No new taxes as budget tightens

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No new taxes as budget tightens
Hoppy's Commentary | Hoppy Kercheval, Talkline

From the start of the session, much of the discussion by lawmakers and Governor Tomblin has been about increasing taxes and fees.

Tomblin proposed a tobacco tax increase and an elimination of the sales tax exemption (a de facto tax increase) on telephone services.  The Senate upped the ante by more than doubling Tomblin’s cigarette tax increase to $1 a pack, as well as raising another $300 million for highways by increasing the consumer sales tax, DMV fees and the wholesale tax on gasoline.

But then came the House of Delegates.

Republicans have a significant 64-36 advantage, and many in the majority party came to Charleston with either a promise to their constituents or a philosophical belief that state government has gotten too big and taxpayers are already on the hook for too much.

House GOP leaders were willing to sign off on Tomblin’s .45-cent cigarette tax increase, but the majority of the caucus was having none of it.  For that reason, as well as the Democrats holding out for a $1 increase, the tobacco tax was shot down in committee.

The Senate’s huge tax and fee increase to fix the roads was a non-starter in the House.  According to one source, perhaps only as many as 15 of the 64 Republicans would support raising DMV fees. (They’re convinced Democratic support for a DMV fee increase bill in 2011 that Governor Tomblin vetoed–after proposing it–cost Democrats the majority.)

The tax-averse attitude by House Republicans essentially forces the Senate to work with the House budget when conferees try to hammer out a deal starting next week. Assuming they get a deal, it will then be up to Governor Tomblin to see if he accepts the plan, which may well include another dip into the Rainy Day Fund (for $32 million) and a sweep of agency cash accounts for another $73 million, which Tomblin administration officials question is possible.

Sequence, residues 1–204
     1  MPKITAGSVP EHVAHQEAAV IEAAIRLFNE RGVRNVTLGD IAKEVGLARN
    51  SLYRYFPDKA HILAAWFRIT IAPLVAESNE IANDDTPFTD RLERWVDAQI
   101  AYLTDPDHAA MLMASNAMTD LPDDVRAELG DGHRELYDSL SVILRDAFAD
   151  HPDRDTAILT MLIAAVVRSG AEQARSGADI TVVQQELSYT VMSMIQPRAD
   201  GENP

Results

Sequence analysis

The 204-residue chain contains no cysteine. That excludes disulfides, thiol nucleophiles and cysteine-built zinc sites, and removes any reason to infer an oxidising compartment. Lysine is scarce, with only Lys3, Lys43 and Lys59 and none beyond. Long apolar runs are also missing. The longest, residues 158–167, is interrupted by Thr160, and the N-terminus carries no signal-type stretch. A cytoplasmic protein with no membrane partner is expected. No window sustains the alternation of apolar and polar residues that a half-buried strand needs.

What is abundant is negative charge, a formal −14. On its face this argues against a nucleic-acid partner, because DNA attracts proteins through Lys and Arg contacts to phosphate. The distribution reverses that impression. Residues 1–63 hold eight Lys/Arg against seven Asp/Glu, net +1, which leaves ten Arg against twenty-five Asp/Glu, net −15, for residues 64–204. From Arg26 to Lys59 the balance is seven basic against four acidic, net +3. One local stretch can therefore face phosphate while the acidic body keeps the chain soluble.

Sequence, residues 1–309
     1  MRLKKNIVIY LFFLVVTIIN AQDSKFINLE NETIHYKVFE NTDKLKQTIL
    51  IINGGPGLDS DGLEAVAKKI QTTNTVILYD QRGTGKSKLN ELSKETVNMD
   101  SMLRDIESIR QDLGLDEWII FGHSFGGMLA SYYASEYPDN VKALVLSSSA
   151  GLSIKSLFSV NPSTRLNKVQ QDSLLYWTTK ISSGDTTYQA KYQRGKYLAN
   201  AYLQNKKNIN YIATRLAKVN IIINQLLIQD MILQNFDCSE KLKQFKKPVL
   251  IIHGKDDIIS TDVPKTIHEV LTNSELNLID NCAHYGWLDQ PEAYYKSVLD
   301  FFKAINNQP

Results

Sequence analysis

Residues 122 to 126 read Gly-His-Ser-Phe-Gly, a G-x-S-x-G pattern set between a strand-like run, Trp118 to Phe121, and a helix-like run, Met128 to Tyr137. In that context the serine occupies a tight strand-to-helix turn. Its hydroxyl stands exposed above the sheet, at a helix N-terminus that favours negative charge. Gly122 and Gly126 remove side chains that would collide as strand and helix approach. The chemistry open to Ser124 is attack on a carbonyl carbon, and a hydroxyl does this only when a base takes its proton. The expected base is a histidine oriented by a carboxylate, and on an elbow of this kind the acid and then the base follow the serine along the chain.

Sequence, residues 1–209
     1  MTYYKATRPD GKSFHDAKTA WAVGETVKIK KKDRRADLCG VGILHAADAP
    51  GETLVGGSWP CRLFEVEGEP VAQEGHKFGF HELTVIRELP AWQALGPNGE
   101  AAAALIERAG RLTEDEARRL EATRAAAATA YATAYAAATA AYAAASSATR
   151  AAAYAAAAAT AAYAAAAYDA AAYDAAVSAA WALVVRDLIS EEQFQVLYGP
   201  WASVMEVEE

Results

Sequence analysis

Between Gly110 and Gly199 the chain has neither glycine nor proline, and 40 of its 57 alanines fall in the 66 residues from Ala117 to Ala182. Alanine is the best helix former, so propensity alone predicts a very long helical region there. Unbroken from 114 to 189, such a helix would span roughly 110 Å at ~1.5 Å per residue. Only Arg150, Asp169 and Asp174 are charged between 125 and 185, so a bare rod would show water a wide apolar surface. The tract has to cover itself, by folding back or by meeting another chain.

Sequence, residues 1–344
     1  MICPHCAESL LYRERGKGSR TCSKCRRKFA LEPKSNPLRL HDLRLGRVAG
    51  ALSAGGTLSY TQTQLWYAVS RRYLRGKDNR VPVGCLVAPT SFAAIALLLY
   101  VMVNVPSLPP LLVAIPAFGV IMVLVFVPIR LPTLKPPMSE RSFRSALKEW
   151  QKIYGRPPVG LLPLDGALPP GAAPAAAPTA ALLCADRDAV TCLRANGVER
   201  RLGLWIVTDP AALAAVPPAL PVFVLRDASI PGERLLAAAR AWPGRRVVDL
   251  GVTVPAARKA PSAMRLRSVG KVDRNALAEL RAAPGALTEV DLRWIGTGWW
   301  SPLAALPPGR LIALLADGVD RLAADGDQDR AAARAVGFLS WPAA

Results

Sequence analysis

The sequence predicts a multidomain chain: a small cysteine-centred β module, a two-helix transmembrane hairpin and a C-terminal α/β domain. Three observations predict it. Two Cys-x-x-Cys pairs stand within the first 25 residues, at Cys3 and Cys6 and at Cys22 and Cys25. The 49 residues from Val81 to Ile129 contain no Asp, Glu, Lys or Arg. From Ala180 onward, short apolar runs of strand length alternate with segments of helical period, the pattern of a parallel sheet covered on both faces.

They’ll figure it out, but there is a larger question looming.  How much government can West Virginia afford?

Coal’s downturn has dramatically reduced the amount of tax money coming into state coffers. No one believes coal will be booming again soon, if ever, which means this year’s budget balancing struggle is the beginning of a trend.

Senate President and Republican Gubernatorial candidate Bill Cole believes the answer lies in fundamentally changing the way government operates.  “I think this government simply needs to be restructured,” Cole told me Tuesday on MetroNews Talkline.

“We need to ask some simple questions: ‘Why do we do it that way?’ The answer in state government is, ‘Well, that’s the way we’ve always done it.’ Nobody ever asks the tough questions and actually drill down,” Cole said.

Cole may get his chance to do just that if he prevails in November, but radically changing government would be a massive challenge. The nature of a bureaucracy is to provide for the relentless pursuit of the status quo.

As long as the makeup of the House remains the same or until the state’s economy gets rolling again, the prevailing issue at the Capitol will be the growing conflict between the services people expect from their government and the increasingly limited resources to pay for them.